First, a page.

This Monday on Women’s Magazine for our first post trump show we will talk to Ash-Lee Woodard Henderson about the election and the new multiracial black and brown lead movements that helped win this election for the Democrats especially in the south,
Ash-Lee Woodard Henderson is a 35 year old Affrilachian (Black Appalachian), woman from the working class, born and raised in Southeast Tennessee. She is the first Black woman to serve as Co-Executive Director of the Highlander Research & Education Center in New Market, TN. As a member of multiple leadership teams in the Movement for Black Lives (M4BL), Ash-Lee has thrown down on the Vision for Black Lives and the BREATHE Act. Ash-Lee has served on the governance council of the Southern Movement Assembly, the advisory committee of the National Bailout Collective, and is an active leader of The Frontline a united front working to prevent voter suppression among other issues. She is a long-time activist who has done work in movements fighting for workers, for reproductive justice, for LGBTQUIA+ folks, for environmental justice, and more.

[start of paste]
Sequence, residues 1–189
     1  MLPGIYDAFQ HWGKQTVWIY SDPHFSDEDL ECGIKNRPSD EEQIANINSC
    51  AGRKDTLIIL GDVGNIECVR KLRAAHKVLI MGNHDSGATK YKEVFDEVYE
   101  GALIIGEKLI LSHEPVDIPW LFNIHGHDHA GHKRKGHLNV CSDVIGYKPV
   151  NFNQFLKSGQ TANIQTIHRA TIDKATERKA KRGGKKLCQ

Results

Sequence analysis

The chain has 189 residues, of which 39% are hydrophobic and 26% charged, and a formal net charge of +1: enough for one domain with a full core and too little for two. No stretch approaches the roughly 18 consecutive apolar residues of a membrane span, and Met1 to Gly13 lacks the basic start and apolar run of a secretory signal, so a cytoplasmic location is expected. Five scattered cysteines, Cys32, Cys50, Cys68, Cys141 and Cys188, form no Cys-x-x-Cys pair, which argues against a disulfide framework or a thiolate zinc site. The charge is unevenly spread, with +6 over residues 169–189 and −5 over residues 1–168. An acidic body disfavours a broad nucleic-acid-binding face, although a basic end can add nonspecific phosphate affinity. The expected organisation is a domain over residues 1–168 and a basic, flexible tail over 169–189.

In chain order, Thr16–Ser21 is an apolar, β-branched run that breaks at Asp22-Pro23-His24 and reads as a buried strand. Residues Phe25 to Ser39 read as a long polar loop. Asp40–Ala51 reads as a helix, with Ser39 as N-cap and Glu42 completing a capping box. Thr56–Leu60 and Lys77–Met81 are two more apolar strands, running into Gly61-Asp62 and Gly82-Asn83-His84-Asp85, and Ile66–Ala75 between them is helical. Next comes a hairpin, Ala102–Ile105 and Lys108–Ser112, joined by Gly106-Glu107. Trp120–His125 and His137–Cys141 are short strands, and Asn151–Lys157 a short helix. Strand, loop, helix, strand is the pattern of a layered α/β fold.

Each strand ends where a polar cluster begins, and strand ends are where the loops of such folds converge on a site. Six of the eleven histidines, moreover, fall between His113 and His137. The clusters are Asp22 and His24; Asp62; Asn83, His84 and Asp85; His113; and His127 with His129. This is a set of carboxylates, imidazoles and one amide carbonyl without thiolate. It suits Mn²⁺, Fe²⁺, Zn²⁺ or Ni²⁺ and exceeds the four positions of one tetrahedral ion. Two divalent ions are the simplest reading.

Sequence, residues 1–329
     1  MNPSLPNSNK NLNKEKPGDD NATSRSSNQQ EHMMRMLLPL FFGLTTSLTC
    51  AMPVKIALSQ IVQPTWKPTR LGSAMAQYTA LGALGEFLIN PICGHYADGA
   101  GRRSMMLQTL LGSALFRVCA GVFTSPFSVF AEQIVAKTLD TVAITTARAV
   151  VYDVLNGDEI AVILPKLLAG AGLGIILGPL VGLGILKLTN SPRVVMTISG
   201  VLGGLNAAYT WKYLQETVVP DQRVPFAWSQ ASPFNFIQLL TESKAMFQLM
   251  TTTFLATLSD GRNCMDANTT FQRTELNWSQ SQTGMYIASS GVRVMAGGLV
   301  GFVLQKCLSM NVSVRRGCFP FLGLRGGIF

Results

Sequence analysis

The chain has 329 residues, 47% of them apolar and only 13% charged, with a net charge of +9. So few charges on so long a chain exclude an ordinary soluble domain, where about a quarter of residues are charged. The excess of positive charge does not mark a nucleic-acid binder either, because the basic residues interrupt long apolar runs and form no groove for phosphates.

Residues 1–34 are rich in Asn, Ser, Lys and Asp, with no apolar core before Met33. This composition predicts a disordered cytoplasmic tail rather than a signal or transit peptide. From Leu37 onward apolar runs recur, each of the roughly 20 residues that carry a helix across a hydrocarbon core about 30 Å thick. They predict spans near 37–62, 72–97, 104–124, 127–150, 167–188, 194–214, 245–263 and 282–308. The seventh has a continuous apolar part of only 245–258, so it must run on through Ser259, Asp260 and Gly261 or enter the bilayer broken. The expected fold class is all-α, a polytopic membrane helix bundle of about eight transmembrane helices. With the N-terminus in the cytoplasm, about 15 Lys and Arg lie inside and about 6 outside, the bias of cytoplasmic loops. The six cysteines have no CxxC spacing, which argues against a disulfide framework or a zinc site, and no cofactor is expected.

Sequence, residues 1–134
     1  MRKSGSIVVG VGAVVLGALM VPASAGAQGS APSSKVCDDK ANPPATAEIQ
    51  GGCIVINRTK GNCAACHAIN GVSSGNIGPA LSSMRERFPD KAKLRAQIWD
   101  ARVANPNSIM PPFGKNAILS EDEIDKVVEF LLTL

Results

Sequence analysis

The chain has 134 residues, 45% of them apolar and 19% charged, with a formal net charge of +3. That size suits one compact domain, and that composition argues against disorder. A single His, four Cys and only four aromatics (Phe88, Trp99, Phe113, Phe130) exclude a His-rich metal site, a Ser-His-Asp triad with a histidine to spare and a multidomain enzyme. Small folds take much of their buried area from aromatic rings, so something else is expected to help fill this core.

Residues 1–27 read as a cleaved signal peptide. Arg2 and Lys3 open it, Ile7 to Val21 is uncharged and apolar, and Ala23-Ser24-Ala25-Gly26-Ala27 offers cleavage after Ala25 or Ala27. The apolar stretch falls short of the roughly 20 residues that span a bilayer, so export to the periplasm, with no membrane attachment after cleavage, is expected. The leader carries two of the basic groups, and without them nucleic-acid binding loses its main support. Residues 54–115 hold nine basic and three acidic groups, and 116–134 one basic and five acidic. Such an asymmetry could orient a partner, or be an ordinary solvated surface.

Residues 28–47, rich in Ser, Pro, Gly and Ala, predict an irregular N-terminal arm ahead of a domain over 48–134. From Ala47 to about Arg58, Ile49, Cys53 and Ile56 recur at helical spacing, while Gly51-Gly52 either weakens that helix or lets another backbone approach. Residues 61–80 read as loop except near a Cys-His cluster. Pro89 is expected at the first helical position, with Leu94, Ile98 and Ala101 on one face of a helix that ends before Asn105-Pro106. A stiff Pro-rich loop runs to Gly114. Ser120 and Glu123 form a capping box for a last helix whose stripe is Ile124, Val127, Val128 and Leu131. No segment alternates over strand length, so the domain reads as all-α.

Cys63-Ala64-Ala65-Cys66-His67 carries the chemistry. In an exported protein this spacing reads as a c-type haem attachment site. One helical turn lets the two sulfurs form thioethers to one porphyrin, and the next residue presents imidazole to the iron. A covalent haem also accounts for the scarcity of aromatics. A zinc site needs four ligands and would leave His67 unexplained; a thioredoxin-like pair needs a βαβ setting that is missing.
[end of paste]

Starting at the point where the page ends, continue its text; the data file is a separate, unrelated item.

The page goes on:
And we talk to Ginny Berson about the radical lesbian and feminist movements of the ’70s and ’80s which created an impetus to form more independent and equitable social and cultural institutions—bookstores, publishers, health clinics, and more—to support the unprecedented surge in women’s arts of all kinds. Olivia Records was at the forefront of these models, not only recording and distributing women’s music but also creating important new social spaces for previously isolated women and lesbians through concerts and festivals.
Ginny Z. Berson, one of Olivia’s founding members and visionaries, kept copious records during those heady days—days also fraught with contradictions, conflicts, and economic pitfalls. With great honesty, Berson offers her personal take on what those times were like in her new book “Olivia on the Record: A Radical Experiment in Women’s Music” where she revisits the excitement and the hardships of creating a fair and equitable lesbian-feminist business model—one that had no precedent.